There's no argument that dormant grass that gets a lot of traffic could be damaged or killed?

No. It's dormant. It'll heal. And dormant grass that is not overseeded will come back to life in the spring faster than grass that has been overseeded -- overseeding retards the re-establishment of the natural grasses.

A lot of course owners in places like Las Vegas would say that if they didn't overseed, their revenue would take a massive nose dive.

I concur that that's what most operators would say. If you asked golfers 20 years ago if they would consider playing on a golf course that's not all green, they would probably have said no. But if you asked golfers today, and explained that it's saving millions of gallons of water, they'd probably say, "Yeah, I would do that." They'd say, "Well, you know it might not be as green as I'd like, but it's good enough, and the game is still fun, and we saved all that water." You know, I've heard sociologists talk about the effect the color green has on people. Some say that we're just hardwired to appreciate green, back to the days of the savanna when we were learning to walk on two legs. But I think that the American golfer is becoming more sophisticated and recognizing that golf on firm, fast playing conditions is probably more enjoyable than playing on lush, green conditions. It becomes a much more cerebral game -- it isn't just yard darts where you hit it out there and the ball stops. Now you have to land the ball and think, OK, the ball's going to release and run 30 yards; where do I want the ball to land?

So you think golfers' tastes are changing a little bit and getting away from the Augusta look?

I definitely think that. The USGA, for example, has taken such an interest in Erin Hills, a fescue course with bent-grass greens that will have the playing conditions that you find in Great Britain. [Note: It was designed by the Hurdzan-Dana Fry partnership and Golf Digest's Ron Whitten.] Previously USGA events were always played on very highly manicured courses. Now they're more inclined to go to a Shinnecock or a Newport or an Erin Hills, because they recognize that golf in those kinds of conditions is a better brand of golf. I think that's helping to shift the emphasis. When we gussy up a course too much, we lose some of its natural beauty. Take the natural beauty of a lovely Irish lass, for instance -- if she puts too much makeup and jewelry on, some of the real beauty is masked. When we make a golf course all one continuous sea of green, we lose some of that natural variety. The best photographs of golf courses always have lots of changes in color and texture and elevation; those are the things that make courses visually interesting. When we water them and mow them and make them verdant green all over, they lose that texture.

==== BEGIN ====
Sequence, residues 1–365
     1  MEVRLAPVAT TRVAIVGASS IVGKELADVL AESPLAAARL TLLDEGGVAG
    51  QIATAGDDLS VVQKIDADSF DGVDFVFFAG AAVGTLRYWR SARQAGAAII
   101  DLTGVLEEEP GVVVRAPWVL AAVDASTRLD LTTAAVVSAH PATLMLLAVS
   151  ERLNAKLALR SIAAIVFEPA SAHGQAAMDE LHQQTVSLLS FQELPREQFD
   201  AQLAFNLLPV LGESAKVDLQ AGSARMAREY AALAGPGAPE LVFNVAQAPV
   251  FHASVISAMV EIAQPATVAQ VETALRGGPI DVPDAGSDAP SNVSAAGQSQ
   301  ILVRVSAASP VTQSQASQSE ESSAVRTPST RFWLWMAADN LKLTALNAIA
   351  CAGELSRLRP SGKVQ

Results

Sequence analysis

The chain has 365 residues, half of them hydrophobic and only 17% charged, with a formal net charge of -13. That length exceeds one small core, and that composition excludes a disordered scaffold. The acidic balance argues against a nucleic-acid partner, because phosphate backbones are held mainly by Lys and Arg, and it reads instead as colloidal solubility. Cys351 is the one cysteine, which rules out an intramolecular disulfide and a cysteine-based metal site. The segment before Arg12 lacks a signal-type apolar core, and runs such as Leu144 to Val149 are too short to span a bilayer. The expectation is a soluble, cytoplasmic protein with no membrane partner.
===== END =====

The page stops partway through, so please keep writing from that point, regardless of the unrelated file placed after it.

What about the practice of painting the dormant turf green instead of overseeding?

It's an old technique that's coming back. It's a very good practice, very intelligent. You use a dye that goes down into the leaf structure of the plant itself. Sometimes you have to apply it twice or three times over the winter, but it's relatively inexpensive, and the impact is minimal.

Any other innovations?

We're going to keep developing better grasses that require less water, pesticide, fertilizer; that's the trend. Seashore paspalum is the biggest miracle in the last 10 or 15 years. You can irrigate it with seawater, and it will do perfectly well in some climates. People are going to figure out how to take this grass and start to grow it farther and farther north, so pretty soon we might have paspalum growing in Maine. We've really just begun with this stuff. We're going to develop better non-synthetic pesticides that have a more natural base. We're going to see all sorts of other technological innovations. GPS-controlled mowers, for instance, so golf courses can be mowed at night, without an operator. There are going to be a lot of changes.

You've said that you hope to see American golf courses achieve the same lack of environmental impact as they had in 1920. What was the impact in those days, and is it possible to go back to that?

Yes, it is possible. We had very few or no synthetic chemicals back then. The golfers' perception of the golf courses was much different. I think we can achieve the same playing conditions we have now but with the environmental impact of the 1920s, and we'll do it with technology. Let's say that golf in Old Tom Morris' day was about as natural as could possibly be. There was no environmental impact. So we'll give that a score of 100 out of 100. In the 1920s it might have been at 80. In the 1950s and the 1960s, it might have been at about the 40 level. Now we're heading back up again. We're at the 70 or 75 level now, and I think we'll get back up to that 80 or 90.